- Adults: four wings. The posterior part of the top wings is membranous and the anterior part is leathery.
- Oval to elliptical, recognized most readily by the large triangular scutellum ( plate that fits behind pronotum and between the forewings)
- Generally green to brown
- Long, thick beak (piercing, sucking mouth part) held between the legs.
- Incomplete or simple metamorphosis (hemimetabolous)
- Many are brightly colored or have conspicuous marks.
Most are plant feeders (a few are predators). Farming areas can yield good numbers in crops like cabbage, cotton, etc. or in nearby roadside vegetation. Many species come to lights at night. Adult stink bugs of various species are active from spring through late fall. To keep them alive in the classroom, give the bugs well washed fresh green beans.
The eggs are laid in masses of 20-30 and are barrel-shaped. The harlequin bug, Murgantia histrionica (see illustration), a beautiful orange and black variegated bug, lays equally bright eggs. This southern United States stink bug is quite common and sometimes spreads north to New England states in years of abundance. It is readily found in cabbage crops.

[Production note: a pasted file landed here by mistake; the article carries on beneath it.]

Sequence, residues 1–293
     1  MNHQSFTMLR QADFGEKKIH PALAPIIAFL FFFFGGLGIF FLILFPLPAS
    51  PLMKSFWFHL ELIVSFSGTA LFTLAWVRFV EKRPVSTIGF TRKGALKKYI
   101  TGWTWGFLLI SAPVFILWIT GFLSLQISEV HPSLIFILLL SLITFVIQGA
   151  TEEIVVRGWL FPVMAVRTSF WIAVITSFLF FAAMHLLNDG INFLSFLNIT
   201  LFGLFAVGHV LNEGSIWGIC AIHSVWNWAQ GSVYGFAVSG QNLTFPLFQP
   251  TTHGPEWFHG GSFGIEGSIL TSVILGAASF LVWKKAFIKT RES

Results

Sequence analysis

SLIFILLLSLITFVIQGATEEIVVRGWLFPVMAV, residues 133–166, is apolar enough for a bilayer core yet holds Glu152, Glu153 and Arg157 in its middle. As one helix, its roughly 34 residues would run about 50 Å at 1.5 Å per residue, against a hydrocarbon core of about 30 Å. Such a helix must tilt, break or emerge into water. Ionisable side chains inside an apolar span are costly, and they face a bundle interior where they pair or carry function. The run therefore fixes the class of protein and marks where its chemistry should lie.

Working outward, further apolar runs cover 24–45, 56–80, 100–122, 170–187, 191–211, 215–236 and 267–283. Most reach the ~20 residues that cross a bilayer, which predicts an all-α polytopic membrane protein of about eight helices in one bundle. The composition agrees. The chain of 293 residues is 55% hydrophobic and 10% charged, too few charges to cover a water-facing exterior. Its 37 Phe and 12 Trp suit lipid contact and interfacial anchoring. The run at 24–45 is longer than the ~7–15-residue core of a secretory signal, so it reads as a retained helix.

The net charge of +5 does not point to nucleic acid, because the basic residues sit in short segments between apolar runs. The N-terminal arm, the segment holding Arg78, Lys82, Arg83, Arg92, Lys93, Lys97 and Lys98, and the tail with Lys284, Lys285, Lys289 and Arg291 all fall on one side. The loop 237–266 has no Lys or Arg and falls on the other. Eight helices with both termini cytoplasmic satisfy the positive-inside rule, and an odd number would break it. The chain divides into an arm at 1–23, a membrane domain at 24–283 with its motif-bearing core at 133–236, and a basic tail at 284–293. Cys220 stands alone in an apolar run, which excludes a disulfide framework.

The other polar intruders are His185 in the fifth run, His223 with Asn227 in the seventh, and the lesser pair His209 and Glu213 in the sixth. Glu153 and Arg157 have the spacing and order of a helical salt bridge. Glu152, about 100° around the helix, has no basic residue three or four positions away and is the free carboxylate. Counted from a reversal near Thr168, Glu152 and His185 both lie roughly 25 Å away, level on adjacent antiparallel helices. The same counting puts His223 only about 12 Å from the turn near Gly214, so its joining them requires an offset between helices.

When handled or disturbed, individuals will produce a fairly sweet odor from glands in the thorax, thus the common name. The openings for these glands are readily seen on the last thoracic segment towards the sides of the insect. To make a stink bug release an odor, hold the insect with your thumb and forefinger on the sides (see *s).
Behaviors to watch for include maternal care and guarding of egg clutches (in some species), aggregation behavior, and some sort of courtship displays.
Impact on the Ecosystem
Most species are innocuous, feeding only in their host plants, and are seldom encountered by humans.
Some of the species, because of their feeding behavior, will leave cosmetic scars in fruits. Some cause damage in cotton and other crops. If numbers become too great, a crop can fail.
Collecting Live Insects
Where to find
Where to Find
Finding stink bugs may be a challenge. Sometimes they are all around, easy to see and easy to find. Many are green or brown and blend in with their surroundings. Home vegetable and flower gardens that are organic or where no insecticides have been used may be a good place to look. Look on squash plants, beans, and melons. Using a beating sheet on durable plants may flush some out of the leaves. Adults of some species are active from May to October.
How to collect
Use old pill bottles or small containers to gather the stink bugs. Hold the container below the bug and tap it into the container. Use an insect net to guard against them flying away from you. You can try to catch them as they fly away or swing the net by the plant to capture the insect. This method will rip leaves off the plant, so don't do it on the neighbors beans!
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